The specified output file is a table with the following columns:
|contig||Name of the contig in the input fasta|
|length||Length of the contig in bp|
|gc||GC (%) of contig|
|cov||Coverage of the contig|
|kingdom||Assigned taxonomic kingdom for the contig|
|phylum||Assigned taxonomic phylum for the contig|
|class||Assigned taxonomic class for the contig|
|order||Assigned taxonomic order for the contig|
|family||Assigned taxonomic family for the contig|
|genus||Assigned taxonomic genus for the contig|
|species||Assigned taxonomic species for the contig|
|taxid||Assigned NCBI taxonomy ID number for the contig|
|single_copy_PFAMs||Comma-delimited list of the PFAM accession numbers of single-copy marker genes found within the contig|
|num_single_copies||The number of single-copy marker genes found within the contig|
|bh_tsne_x||The X coordinate after dimension reduction by BH-tSNE|
|bh_tsne_y||The Y coordinate after dimension reduction by BH-tSNE|
|cluster||The cluster assigned by run_autometa.py|
|ML_expanded_clustering||The cluster assigned by ML_recruitment.py (includes previous assignments by run_autometa.py)|
Running all steps in sequence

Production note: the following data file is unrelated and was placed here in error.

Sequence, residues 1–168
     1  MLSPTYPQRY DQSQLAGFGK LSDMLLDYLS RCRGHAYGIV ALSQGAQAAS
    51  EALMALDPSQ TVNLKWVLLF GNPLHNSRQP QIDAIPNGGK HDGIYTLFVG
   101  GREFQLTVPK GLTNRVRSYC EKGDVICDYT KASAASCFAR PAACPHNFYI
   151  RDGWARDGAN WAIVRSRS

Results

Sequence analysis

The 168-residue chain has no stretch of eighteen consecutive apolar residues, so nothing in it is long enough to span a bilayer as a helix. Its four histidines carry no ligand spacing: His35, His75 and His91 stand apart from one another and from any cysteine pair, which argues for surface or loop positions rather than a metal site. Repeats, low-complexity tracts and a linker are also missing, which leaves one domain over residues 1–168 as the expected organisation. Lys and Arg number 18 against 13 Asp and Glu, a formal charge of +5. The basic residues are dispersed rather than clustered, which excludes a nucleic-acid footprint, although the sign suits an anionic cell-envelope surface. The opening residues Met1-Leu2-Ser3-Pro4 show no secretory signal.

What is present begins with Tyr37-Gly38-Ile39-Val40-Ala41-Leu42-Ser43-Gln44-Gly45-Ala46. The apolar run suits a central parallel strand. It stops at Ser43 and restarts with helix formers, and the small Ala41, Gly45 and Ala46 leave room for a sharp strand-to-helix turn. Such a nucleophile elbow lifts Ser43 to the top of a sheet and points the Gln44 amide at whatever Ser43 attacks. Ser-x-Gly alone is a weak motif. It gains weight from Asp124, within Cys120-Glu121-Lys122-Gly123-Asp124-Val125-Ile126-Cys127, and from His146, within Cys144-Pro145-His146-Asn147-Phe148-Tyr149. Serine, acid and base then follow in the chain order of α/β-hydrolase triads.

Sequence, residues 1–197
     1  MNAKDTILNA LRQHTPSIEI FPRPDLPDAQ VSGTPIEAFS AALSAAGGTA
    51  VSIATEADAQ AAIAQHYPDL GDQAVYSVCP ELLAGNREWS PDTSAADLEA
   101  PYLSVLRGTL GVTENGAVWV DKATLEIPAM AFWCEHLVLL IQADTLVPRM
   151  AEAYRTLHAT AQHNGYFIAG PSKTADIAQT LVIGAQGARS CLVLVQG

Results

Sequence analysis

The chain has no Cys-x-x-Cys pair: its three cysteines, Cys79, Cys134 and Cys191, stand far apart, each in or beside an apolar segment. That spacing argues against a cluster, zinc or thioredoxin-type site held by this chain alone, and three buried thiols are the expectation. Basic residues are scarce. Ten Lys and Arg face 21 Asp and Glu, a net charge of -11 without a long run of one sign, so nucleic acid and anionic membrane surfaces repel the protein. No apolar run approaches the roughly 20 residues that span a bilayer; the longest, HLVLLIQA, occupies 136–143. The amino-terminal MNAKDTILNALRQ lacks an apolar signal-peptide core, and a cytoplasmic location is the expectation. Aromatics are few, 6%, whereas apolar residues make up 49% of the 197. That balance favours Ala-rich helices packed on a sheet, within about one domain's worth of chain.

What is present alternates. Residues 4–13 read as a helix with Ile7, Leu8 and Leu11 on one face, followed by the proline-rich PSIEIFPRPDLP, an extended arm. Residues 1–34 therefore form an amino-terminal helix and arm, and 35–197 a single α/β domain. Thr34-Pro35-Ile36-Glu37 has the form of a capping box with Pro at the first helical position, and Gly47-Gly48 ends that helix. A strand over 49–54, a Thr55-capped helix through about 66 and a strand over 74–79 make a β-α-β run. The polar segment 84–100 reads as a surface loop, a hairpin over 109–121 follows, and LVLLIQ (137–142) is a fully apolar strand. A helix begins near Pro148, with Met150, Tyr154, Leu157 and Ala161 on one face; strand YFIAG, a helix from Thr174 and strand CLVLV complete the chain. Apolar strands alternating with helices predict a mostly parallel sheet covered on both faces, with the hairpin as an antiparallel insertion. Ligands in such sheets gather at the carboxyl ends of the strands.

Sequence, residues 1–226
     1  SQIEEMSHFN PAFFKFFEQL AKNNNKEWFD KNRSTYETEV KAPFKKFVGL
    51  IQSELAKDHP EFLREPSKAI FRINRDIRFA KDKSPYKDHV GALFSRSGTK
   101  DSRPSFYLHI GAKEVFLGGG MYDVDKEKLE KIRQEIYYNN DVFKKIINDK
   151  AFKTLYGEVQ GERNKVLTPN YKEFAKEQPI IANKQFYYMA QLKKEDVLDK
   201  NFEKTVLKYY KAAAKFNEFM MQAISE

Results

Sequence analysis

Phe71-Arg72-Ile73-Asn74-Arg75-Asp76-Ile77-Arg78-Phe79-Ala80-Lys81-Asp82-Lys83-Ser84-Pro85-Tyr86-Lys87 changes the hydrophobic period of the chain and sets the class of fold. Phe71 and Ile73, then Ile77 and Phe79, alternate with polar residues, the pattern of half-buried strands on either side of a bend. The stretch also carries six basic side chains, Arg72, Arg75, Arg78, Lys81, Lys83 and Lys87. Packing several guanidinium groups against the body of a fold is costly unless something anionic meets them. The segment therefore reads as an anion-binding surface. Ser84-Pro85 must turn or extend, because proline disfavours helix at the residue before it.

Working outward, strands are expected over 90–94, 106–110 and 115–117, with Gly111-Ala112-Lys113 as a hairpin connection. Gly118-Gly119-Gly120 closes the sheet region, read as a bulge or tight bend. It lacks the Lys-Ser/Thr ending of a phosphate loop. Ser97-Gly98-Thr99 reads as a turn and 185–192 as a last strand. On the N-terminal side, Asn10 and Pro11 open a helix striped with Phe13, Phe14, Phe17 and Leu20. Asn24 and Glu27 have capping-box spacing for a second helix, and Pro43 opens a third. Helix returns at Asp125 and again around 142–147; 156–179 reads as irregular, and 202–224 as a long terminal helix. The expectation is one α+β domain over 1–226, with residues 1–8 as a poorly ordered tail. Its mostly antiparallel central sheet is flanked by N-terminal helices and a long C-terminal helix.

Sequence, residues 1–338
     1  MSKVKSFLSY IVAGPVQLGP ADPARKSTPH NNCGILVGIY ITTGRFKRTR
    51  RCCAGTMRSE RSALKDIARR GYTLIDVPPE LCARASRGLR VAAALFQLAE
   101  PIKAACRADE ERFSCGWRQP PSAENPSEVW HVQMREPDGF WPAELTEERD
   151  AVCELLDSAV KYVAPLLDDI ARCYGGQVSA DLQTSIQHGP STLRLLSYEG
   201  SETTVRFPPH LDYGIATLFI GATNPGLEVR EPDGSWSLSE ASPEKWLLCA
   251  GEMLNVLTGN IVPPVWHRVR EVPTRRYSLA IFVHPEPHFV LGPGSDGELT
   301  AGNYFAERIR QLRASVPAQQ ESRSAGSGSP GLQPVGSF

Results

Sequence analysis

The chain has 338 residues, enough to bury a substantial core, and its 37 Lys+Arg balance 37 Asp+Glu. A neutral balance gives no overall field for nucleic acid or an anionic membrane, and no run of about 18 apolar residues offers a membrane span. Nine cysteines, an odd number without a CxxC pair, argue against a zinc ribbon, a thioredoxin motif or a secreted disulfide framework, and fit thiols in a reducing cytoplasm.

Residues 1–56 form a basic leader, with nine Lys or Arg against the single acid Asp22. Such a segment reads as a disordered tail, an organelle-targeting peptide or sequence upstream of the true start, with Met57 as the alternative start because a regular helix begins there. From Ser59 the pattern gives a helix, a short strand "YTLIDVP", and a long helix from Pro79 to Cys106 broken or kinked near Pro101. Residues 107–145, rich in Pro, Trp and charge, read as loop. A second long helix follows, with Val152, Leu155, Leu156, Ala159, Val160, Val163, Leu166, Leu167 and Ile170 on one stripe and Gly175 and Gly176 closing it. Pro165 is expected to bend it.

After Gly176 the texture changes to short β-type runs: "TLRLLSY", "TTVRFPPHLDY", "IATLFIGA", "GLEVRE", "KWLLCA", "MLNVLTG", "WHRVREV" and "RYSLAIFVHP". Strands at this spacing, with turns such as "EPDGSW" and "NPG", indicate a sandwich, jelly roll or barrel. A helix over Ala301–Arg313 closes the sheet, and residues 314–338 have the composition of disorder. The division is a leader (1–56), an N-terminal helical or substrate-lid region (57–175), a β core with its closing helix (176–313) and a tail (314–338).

For convenience, it is possible to run all three of the above steps through run_autometa.py, as shown below:
run_autometa.py --assembly ~/autometa/test_data/scaffolds.fasta --processors 16 \ --length_cutoff 3000 --maketaxtable --ML_recruitment
In the above command, the '--maketaxtable' flag tells run_autometa.py to run make_taxonomy_table.py, and the '--ML_recruitment' flag tells run_autometa.py to run ML_recruitment.py. Note, this runs ML_recruitment.py with the '--recursive' flag.
Analysis of results
At the end of the above process, you will have a master table (either recursive_dbscan_output.tab or ML_recruitment_output.tab) which describes each contig in your metagenome, including which bin each was assigned to. However, this does not directly tell you much about each bin, so you can further process your data with the following command: